In the Beginning Was the Founder (BuzzFeed)

(Kickstarter cofounder Perry Chen's) attempts at correction didn’t always land. There was the time that he and his assistant took over the library — a quiet zone — and played music. And then there were the people dressed up as dinosaurs. At first, employees thought it was good, dumb fun — but later in the week, sources said, the dinosaurs wandering around all day started to interfere with work. Finally, one afternoon, the dinosaurs came in with a troupe of performers dressed in army garb playing saxophones and stomping around. (A video of the mayhem was seen by BuzzFeed News.) A handful of employees walked out.

The Making of Mark Zuckerberg (CNET)

A few years ago, Mark Zuckerberg and his wife, Priscilla Chan, walked into Yuriy's Barber Shop, a four-chair parlor with a blue awning over the doorway and a neon "open" sign buzzing in the window. The shop sits in a brick building at the end of Cedar Street, one of the main drags in Dobbs Ferry, New York. Zuckerberg, who grew up in the sleepy town about 25 miles north of New York City, was visiting from California. But he made time to pop in and say hello to Yuriy Katayev, the man who cut his hair when he was in high school. Katayev, a 50-year-old immigrant from Uzbekistan, was excited to see his old regular. He asked Dobbs Ferry's most famous son about -- What else? -- Facebook. "It's OK," Zuckerberg told Katayev. "People give me shit over it now."

Meet the Woman Who Leads NightWatch, Google’s Internal Privacy Strike Force (Gizmodo)

Lea Kissner is back at her alma mater, the University of California at Berkeley, armed with a crisp gray blazer, a slide deck, and a laptop with a ‘My Other Car Is A Pynchon Novel’ sticker on it. Since graduating in 2002, she’s earned a PhD at Carnegie Mellon in cryptography and worked her way up at Google, where she manages user privacy and tries to keep things from breaking. She’s here to tell a hall of computer science students how she did it—and also how to create privacy-protective systems at a scale that you won’t find outside a handful of massive tech companies.

The Quest for the Next Billion Dollar Color (Bloomberg)

Mas Subramanian, the biggest celebrity in the uncelebrated world of pigment research, glances at a cluster of widemouthed jars containing powders in every color of the rainbow, save one. He’s got OYGBIV. “We’re getting closer,” he says brightly. He points to a jar of reddish brown dust, smoky and rich as paprika. Fetching, but it isn’t what he’s looking for.

Can This Man Help Uber Recover From the Travis Kalanick Era? (Wired)

“I’m a big believer in the Zero Defects strategy,” said Dara Khosrowshahi, the CEO of Uber. It was an overcast day in January, and Khosrowshahi leaned back in a chair at Uber’s San Francisco headquarters. Khosrowshahi had been running Uber for four months at that point. He’d left a stable perch at Expedia, the travel-­booking service, to take over a company that had become synonymous with scandal and rule-breaking excess. And, having doused some of the raging fires left behind by his predecessor, Travis Kalanick, Khosrowshahi had determined that what Uber needed most was a quality-control philosophy borrowed from the middle of the last century.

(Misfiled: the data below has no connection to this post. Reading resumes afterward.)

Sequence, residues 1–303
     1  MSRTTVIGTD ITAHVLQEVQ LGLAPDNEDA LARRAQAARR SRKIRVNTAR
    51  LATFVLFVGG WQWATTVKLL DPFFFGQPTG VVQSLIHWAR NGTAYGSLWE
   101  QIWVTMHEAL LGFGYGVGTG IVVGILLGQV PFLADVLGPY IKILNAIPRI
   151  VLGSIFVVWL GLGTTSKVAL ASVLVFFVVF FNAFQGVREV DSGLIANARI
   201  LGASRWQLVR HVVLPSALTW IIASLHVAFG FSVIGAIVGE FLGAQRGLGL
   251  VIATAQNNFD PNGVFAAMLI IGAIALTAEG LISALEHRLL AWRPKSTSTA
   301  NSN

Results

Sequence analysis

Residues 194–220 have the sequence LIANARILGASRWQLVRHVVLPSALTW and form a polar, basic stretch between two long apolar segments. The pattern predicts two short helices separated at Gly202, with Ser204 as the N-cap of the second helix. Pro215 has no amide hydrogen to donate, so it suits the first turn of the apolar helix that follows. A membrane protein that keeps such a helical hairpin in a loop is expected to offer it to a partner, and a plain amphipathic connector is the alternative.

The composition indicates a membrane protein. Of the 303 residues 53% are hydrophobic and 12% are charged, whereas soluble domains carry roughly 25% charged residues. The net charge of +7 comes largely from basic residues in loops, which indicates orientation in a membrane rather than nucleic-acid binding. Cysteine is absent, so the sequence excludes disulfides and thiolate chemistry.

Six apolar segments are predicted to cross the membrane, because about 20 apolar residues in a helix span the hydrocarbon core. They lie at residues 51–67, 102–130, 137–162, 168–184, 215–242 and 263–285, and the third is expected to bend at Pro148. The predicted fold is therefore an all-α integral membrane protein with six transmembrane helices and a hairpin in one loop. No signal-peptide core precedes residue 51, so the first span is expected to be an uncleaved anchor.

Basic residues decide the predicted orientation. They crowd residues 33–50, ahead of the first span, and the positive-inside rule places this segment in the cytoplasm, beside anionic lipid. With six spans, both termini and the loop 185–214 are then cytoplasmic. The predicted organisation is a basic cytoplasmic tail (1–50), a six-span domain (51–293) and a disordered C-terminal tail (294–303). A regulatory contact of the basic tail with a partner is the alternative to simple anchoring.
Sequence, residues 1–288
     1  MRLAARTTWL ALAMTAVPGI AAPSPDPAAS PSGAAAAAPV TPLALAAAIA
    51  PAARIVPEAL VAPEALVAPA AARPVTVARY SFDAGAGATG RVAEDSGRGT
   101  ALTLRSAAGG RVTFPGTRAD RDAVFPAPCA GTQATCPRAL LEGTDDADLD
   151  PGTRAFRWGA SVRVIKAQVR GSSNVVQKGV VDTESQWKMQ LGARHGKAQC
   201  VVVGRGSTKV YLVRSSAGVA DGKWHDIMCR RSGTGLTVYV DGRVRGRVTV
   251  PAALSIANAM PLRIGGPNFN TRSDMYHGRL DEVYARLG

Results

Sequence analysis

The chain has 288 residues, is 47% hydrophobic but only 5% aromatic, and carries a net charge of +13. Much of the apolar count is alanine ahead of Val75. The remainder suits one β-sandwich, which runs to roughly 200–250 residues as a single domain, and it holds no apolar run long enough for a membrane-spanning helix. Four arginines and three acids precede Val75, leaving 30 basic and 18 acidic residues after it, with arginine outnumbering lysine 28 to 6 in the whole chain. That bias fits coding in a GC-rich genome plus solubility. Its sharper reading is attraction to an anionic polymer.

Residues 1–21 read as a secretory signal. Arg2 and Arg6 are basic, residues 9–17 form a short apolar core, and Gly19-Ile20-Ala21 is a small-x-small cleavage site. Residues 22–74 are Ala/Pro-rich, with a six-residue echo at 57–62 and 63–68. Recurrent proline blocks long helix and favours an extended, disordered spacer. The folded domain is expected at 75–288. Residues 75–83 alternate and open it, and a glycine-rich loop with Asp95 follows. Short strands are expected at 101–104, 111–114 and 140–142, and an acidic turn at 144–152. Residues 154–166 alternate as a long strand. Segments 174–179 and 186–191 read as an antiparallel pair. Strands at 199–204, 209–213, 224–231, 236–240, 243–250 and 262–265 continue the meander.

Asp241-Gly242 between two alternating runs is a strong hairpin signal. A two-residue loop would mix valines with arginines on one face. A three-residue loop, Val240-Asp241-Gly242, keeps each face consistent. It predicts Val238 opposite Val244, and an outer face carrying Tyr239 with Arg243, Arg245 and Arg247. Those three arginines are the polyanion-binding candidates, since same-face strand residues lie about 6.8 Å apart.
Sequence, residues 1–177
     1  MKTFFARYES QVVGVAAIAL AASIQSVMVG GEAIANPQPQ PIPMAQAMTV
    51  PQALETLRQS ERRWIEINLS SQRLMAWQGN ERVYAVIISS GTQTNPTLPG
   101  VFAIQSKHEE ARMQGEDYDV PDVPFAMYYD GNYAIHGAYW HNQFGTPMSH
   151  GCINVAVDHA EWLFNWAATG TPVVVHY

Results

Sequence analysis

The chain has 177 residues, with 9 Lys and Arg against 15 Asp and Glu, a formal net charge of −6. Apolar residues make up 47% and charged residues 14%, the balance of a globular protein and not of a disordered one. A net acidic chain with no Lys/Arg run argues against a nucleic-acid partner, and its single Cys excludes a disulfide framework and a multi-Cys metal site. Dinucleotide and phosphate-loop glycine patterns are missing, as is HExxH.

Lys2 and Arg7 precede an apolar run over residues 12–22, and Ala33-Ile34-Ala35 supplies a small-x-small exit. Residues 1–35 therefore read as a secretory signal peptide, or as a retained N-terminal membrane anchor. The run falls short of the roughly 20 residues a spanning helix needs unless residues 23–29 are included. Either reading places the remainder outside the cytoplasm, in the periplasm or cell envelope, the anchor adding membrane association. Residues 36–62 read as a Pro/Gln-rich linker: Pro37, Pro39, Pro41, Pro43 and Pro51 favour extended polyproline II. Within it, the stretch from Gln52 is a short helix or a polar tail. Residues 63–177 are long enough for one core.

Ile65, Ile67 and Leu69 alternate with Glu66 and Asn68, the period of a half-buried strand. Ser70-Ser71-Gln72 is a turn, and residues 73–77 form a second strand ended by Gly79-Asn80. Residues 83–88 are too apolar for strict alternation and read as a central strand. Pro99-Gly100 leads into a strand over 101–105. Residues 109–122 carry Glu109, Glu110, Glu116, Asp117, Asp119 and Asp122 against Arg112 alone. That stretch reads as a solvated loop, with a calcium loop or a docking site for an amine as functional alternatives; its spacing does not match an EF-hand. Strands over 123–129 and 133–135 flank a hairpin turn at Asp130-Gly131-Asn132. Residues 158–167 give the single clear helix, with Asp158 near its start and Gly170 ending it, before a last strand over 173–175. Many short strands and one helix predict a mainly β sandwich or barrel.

Way, way back when computer screens had such low resolutions that you could see the individual pixels, Susan Kare was tasked with designing some of the very first icons. Working at Apple on Steve Jobs' revolutionary Macintosh computer, Kare picked a rendition of scissors for the "cut" command and a pointing finger for "paste." A floppy disk signified "save," as it still does on many apps today. Alexandra Lange has a sweet and detailed portrait of Kare in the New Yorker this week. Kare explained some of her inspirations:

“It’s fun to read that, before there was social media, countless people spent hours with Microsoft Windows Solitaire using the cards I designed,” she said. In 2008, Kare created virtual “gifts” for Facebook that you could buy and send to a friend, with new offerings daily, based on a sixty-four-by-sixty-four-pixel grid. The best-sellers played to the crowd: hearts, penguins, and kisses, like a digital box of chocolates. A sixty-four-pixel palette would seem like a big step up, but Kare doesn’t think detail necessarily makes better icons. “Simple images can be more inclusive,” she said. Look at traffic signs: “There’s a reason the silhouettes of kids in a school crossing sign don’t have plaid lunchboxes and superhero backpacks, even though it’s not because of technology limitations,” she said. “Those would be extraneous details.”


5 Cool Things You Can Do With Amazon Alexa's Customizable Skills By Aaron Pressman

Qualcomm Shares Tank Amid Layoffs By Jonathan Vanian

Apple's Next iPhone Could Be Cheaper Than Expected By Don Reisinger

Bitcoin Mining May Be Even Less Economically Viable Than We Thought By David Meyer

Canon's New Compact Wireless Printer Lets You Print Selfies on the Go By Kacy Burdette

Why Sequoia’s Jess Lee Is Investing in On-Demand Staffing Platform Wonolo By Michel Lev-Ram

Facebook Is Moving Into the Processor-Making Business By Don Reisinger


The Lyrid Meteor Shower is at its peak this weekend, if you happen to be somewhere with clear skies and no light pollution. The rest of us will have to make do with these stunning photos taken by the Hubble Space Telescope of the distant star-birthing region known as the Lagoon Nebula. Gorgeous.

This edition of Data Sheet was curated by Aaron Pressman. Find past issues, and sign up for other Fortune newsletters.